If there is one thing that can bring the English together in a rare display of patriotism and then quickly tear them apart into barbaric factions, it’s football.

Football players are basically national heroes (unlike in America where we pretty much just know David Beckham and that’s likely because he poses in a lot of places in his underwear). Premiership matches bring out tens of thousands of supporters to the venues, and the World Cup is an excuse to not work for two weeks.

I had the chance to go to an England match at Wembley Stadium, so I thought it was probably time for:

An American Girl’s Guide to English Football

When first walking towards the stadium, you are swept up in a sea of fans and a few bored-looking girlfriends making their way to the entrance. How are all these people going to fit into the stadium, you ask yourself. Is this a fire hazard? Has the rest of the country shut down so every man, woman, and child can show up tonight?

wembleycrowded

Once you’ve climbed the never-ending steps and made a pact with your wheezing self to lay off the Freddos, you then walk about six miles around the outside of the venue to find your block.

wembleyturnstiles
Finally, the promised land.

footballturnstile
Wait, sorry, is this the entrance or a torture chamber? Are you supposed to contortion yourself in there? What if you get stuck in mid rotation and have to spend the rest of the night in a metal cage and OKAY, OKAY, I’M GOING THROUGH.

Right before kickoff, the teams will come out on the field with some small children in tow and sing national anthems. I don’t really understand this part, but it’s the cutest part of the game so PAY ATTENTION and don’t say “Aww” too loud or your seatmates will immediately judge you. This is not from past experience.

godsavethequeen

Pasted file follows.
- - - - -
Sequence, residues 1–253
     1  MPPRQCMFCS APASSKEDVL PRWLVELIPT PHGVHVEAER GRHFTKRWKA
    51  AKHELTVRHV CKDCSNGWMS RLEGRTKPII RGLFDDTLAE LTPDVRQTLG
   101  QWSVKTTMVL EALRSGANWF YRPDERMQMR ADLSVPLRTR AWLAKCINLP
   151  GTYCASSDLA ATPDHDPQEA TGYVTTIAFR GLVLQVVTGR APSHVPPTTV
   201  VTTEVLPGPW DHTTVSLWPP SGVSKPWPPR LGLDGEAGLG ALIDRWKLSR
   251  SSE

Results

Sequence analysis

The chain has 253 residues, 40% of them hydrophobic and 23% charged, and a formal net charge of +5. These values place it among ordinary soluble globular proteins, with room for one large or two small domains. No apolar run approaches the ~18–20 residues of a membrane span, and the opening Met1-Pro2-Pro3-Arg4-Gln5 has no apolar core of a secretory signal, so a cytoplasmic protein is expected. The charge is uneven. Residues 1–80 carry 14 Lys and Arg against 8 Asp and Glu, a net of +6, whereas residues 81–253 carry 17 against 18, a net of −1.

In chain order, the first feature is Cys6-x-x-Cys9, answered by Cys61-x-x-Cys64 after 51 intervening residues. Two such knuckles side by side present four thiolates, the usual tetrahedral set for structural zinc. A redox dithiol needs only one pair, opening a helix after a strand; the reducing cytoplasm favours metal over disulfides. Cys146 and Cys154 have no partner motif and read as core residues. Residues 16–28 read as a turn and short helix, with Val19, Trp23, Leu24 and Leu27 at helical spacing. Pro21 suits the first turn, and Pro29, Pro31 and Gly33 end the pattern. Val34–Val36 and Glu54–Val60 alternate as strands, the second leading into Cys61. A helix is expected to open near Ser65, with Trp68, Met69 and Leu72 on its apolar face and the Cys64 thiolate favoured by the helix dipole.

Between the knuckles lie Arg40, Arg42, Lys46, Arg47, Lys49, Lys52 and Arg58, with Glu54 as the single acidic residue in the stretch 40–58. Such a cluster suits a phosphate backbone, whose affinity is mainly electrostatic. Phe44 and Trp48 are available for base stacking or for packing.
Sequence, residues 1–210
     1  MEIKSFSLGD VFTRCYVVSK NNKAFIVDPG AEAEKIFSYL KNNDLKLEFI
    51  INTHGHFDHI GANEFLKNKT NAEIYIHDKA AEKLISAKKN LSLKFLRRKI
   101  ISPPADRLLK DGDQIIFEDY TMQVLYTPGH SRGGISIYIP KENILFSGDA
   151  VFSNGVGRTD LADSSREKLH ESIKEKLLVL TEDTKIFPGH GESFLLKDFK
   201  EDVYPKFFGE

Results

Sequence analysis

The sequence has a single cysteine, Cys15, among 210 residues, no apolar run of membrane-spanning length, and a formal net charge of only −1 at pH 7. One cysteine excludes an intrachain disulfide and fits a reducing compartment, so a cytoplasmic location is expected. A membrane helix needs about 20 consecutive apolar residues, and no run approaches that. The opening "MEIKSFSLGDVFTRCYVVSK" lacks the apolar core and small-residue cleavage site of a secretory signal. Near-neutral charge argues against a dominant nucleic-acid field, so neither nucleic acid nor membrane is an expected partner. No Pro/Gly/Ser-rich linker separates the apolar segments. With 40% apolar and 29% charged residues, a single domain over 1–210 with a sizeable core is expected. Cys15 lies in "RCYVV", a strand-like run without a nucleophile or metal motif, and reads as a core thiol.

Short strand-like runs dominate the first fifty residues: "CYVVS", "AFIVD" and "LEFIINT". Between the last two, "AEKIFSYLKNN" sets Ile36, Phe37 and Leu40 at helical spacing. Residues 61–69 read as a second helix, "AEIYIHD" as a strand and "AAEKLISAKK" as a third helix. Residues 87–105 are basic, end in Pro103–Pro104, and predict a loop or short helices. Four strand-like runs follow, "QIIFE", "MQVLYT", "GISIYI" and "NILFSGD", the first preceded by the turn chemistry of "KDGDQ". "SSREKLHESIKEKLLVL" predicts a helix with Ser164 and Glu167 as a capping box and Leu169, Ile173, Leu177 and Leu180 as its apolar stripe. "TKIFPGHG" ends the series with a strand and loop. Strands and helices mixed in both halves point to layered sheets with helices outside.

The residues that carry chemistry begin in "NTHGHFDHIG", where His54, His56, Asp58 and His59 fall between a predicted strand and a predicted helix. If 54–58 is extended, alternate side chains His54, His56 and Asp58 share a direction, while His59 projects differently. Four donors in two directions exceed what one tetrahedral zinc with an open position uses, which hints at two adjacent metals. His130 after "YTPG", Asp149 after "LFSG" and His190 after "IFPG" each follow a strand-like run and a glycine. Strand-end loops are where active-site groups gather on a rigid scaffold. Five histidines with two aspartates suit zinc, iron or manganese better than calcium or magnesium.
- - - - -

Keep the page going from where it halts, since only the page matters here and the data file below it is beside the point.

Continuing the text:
During the match, it’s best to just follow the lead of the crowd and cheer/boo as appropriate. If the referee makes call that is at all questionable, you should mutter various obscenities under your breath and complain to the person next to you that this is the worst call you’ve ever seen. Keep repeating at various points when your team is losing. For the sake of the ritual, it doesn’t actually matter if it’s really the worst call you’ve ever seen.

When your team scores, feel free to do the knee-jerk leap into the air with your hands up like you just don’t care. Then quickly sit back down because this is England and dramatic displays of emotion are only allowed to last 10 seconds or less. I think it’s a law.

goalscore
The most important reaction to memorize is the “my team almost scored, but messed it up at the end” reaction. When it looks like your team is doing well, cheer them on and shout words of encouragement. Clap as they get closer and closer to the goal. Then–and this is important–when their kick gets blocked or they pass to the wrong person or the plan otherwise fails, instantly shout insults their way. Berate them for their mistakes and remember that you are the football expert, not them. Just because they get paid or otherwise recruited to be on that field doesn’t mean you couldn’t do the same. You were on a recreational team from the ages of 9-11 and you scored THREE goals in your career, so, really, they should be begging you for advice.

wembley-england-belgium
At half time, there will likely be some sort of announcer, a “brand new car” and 5-10 audience members on the field looking lost. Perhaps they will have to answer a trivia question or kick a ball into a net that is far enough away that no one will win, or maybe they will have to run around the field wearing a ridiculous costume. You aren’t obligated to pay attention, but feel free to laugh along and/or be grateful that you are not currently embarrassing yourself in front of 50,000 people.

wembleyhalftime
The end of the match is a tricky one. If your team wins, you may jump up and cheer for your maximum allotted 10 seconds, and then you must instantly make a negative comment about your team so they don’t think too much of themselves. If your team loses, skip to the negative comment and then suggest to your seatmate that you head to the local pub to drink away the pain. If it’s a draw, you are free to make negative comments about a)your team, b)the other team, c)how much money you paid to get in, d)how much time you have wasted watching a game with an unsatisfying outcome.

You are then allowed to ask when the next match is, because obviously you wouldn’t miss it for the world.

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